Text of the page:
Dreams as R-evolution is a site specific, multimedia installation that encompasses sculptural forms, drawings, paintings, photographs and costume. Engaging with the ideas of conditioning, evolution and revolution, the artist, Coral Bijoux, invites us to participate in a conversation about our ability to transform ourselves and our environments (knowing from what we must transform), and daring us to reimagine ideas of self, space, authority/power and innocence: the four core narrative elements of the installation. ‘Is there any other way for us to be human?’ she asks.
Plastic collected from industrial and household bins and dumpsites is the predominant material here: single-use, builders’ and packaging materials, and discarded plastic-based objects. The installation, however, is not about recycling or the idea that we can reverse human impact by recycling our behaviours. Plastic, as a metaphor, is used to reflect on humanity: our practices, habits and values. Plant life engages the relationship between organic and inorganic materials, and is a critical knowledge system that speaks of place and acts on space, as much as it is acted on by the context. The ‘self’ is central too: it is the protagonist who attempts to r-evolutionise the self, in a particular space. All these elements merge in the installation to signal transformative potential.
The installation, then, is offered as a provocation, a space for imagining the world differently, and is an act of self-actualisation.
The Dreams as R-evolution installation was conceived in 2018 and developed over a nine-month period (2019–2020) in a neglected plant nursery at the University of KwaZulu-Natal (UKZN) Westville Campus, bordering Palmiet Nature Reserve. This was after many doors were closed to Bijoux as she sought out the appropriate place for this work to evolve. The nursery space teemed with life: insects, birds, snakes, lizards, meerkats, monkeys, plants, sky, wind, sun, rain and people on the university campus. In this ‘unnatural’-natural open-air space, the artist had to observe, listen and create, even if thwarted by the Covid-19 pandemic lockdown restrictions. Over the months, the disused nursery evolved into a dreamscape where the artist mused about the dreams that were ‘klapped out of her’ from an early age. Lionel Davis, artist and struggle veteran, commented about the installation at the nursery: ‘This journey of joyous fantasy that you have created … you transformed this neglected wilderness strewn with rubbish into a playground for young and old. We are all victims of conformity, shackled for too long to what others have decided we should be.’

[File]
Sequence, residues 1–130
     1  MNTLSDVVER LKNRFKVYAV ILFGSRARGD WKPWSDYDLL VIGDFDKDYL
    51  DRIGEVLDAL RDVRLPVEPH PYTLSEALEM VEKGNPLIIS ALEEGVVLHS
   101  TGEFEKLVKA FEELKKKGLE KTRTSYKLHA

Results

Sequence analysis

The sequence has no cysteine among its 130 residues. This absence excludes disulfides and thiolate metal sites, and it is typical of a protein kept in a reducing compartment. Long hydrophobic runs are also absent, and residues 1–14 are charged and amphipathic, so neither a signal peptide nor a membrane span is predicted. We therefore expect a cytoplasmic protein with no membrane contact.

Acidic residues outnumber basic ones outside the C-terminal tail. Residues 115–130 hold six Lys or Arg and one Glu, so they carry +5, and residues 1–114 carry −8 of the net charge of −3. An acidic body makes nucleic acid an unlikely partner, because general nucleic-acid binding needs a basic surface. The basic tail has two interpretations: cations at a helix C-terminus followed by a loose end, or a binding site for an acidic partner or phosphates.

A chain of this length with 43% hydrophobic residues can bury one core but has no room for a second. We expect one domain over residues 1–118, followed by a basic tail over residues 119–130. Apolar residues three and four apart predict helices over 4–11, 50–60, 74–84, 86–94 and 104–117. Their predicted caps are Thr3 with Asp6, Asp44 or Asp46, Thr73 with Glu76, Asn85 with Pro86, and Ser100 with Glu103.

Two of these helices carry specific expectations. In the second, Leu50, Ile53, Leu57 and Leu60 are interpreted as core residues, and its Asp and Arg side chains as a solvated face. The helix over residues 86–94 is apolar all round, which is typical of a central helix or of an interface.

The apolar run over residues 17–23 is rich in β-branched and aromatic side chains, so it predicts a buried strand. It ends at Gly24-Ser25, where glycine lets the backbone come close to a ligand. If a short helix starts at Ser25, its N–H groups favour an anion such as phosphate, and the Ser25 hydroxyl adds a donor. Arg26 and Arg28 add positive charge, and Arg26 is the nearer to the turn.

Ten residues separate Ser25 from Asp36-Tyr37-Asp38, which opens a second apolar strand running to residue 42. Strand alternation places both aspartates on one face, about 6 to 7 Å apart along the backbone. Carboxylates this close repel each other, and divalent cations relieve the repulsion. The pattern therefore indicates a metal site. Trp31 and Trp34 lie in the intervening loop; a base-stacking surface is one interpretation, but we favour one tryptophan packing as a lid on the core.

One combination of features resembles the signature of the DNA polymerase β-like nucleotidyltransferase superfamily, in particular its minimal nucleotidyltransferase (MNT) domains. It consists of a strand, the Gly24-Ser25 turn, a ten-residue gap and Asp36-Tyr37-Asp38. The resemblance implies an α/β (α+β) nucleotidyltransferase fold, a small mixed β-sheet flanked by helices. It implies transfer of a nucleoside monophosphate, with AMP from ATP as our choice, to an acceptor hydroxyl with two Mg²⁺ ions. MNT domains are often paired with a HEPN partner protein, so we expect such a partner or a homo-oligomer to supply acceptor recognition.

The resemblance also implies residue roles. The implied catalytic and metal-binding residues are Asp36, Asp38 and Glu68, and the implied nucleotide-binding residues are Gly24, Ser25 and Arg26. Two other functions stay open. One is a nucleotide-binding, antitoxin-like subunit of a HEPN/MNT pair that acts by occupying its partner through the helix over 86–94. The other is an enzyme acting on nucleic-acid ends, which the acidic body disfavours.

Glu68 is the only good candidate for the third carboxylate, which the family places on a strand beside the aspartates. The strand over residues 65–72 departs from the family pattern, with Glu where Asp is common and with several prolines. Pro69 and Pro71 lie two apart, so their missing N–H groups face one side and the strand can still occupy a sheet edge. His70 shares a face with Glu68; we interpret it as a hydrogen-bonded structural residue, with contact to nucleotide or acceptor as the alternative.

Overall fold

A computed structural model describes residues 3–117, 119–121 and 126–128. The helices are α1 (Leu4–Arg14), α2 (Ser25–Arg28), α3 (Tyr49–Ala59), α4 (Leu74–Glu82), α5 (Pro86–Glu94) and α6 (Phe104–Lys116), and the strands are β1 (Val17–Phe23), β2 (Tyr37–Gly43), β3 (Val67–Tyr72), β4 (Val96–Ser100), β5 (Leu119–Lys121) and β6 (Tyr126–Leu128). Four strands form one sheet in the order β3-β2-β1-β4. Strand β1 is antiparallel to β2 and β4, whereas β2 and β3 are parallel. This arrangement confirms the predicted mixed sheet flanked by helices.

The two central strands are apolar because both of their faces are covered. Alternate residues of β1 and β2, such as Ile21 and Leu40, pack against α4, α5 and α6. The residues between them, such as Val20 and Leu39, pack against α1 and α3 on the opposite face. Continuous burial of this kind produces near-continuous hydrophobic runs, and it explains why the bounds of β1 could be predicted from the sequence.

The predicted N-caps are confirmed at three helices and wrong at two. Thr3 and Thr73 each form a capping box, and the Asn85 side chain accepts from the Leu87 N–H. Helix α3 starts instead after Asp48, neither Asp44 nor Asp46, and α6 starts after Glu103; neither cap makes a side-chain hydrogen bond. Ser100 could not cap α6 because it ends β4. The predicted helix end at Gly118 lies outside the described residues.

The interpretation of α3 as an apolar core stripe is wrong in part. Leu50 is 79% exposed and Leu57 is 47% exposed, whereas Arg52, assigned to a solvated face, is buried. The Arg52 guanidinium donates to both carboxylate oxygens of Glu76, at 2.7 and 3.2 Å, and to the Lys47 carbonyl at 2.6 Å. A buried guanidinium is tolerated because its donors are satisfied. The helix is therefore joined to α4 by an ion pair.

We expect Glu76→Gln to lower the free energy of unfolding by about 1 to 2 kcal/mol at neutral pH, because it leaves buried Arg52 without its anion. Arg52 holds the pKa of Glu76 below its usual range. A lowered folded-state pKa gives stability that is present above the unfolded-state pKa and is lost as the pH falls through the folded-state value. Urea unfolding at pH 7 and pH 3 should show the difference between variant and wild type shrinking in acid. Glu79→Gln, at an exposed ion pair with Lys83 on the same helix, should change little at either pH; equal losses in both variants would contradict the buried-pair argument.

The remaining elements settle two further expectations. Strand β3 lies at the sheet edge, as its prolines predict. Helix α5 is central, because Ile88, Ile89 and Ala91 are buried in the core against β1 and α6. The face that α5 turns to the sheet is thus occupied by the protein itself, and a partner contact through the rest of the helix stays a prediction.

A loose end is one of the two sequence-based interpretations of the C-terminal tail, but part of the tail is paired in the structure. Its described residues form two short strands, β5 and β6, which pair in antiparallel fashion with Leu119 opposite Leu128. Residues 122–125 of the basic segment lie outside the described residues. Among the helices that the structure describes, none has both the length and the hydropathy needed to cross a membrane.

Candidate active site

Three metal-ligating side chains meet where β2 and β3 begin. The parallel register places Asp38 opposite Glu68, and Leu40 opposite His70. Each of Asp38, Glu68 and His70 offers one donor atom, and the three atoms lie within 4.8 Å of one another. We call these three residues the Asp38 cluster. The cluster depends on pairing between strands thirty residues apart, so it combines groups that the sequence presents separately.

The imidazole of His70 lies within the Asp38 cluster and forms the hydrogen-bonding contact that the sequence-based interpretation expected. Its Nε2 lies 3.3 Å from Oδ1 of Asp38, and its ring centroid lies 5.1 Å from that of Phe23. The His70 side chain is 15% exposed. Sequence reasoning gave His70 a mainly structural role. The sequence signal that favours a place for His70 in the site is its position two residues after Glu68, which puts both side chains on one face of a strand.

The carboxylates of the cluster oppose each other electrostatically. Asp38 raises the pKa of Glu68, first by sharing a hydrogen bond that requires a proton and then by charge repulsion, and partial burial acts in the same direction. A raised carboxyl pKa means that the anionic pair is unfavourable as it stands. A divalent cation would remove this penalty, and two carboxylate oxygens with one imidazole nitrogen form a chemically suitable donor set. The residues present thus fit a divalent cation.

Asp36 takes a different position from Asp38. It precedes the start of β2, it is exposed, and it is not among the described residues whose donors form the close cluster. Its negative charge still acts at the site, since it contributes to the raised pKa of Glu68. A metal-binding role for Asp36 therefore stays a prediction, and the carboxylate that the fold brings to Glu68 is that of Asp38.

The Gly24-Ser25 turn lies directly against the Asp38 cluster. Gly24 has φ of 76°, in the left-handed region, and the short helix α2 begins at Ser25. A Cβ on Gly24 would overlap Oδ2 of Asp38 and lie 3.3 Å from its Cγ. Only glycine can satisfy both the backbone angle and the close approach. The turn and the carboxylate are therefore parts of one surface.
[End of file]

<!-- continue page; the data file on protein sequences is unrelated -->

The Dreams as R-evolution installation has found a new environment at the Iziko South African National Gallery in Cape Town. Of this space, Bijoux says, ‘I am conscious of the effects of Dreams as R-evolution within this formal structure – in one of South Africa’s older colonial buildings (about 150 years) – the land on which the gallery sits belongs to us all and as such we will engage this space as ours, offering new meanings to it. In “greening the gallery”, I engage the historical countenance by muralling the walls, inserting icons, symbols and words that evoke the past in the present.’
Drawing attention to conversations (and boundaries) about art and environment, between ‘indoors’ and ‘outdoors’, the installation explores contemporary art-making practices and ways of exhibition making. It is a prompt to ask pertinent questions about place and land, about valued knowledge systems, about behaviour and practices, about the place of the human.
For more information on the installation at ISANG or to book group dream workshops, contact Ingrid Masondo, Iziko Curator of Photography and New Media, on +27 (0)21 481 3956 or at firstname.lastname@example.org.
About the Artbook:
Dreams as R-evolution (at UKZN campus) was observed over a period by writers, poets, musicians and members of the Social Science, Arts and Life Science faculties at UKZN, who were invited to produce a 365-word creative contribution for the Dreams as R-evolution artbook. The artbook, edited by Ashraf Jamal, includes contributions by André Croucamp, Coral Bijoux, Diana Ferrus, Himansu Baijnath, Malika Ndlovu, Pralini Naidoo, Roger Jardine, Salim Washington and UBIZO (band), Sven Christian, Tracy-Lee Easthorpe and Usha Seejarim. Copies are available for order via Print Matters at https://www.printmatters.co.za/ or directly from the artist.
About the Artist:
The Dreams as R-evolution installation and artbook were made possible by the generous support of the National Arts Council (NAC), the Human Elephant Foundation, the National Institute for the Humanities and Social Sciences (NIHSS) and interested individuals. Selected plants at ISANG have been donated and cared for by Dr Yvette Abrahams, permaculturist, farmer and founder of KhoeLife.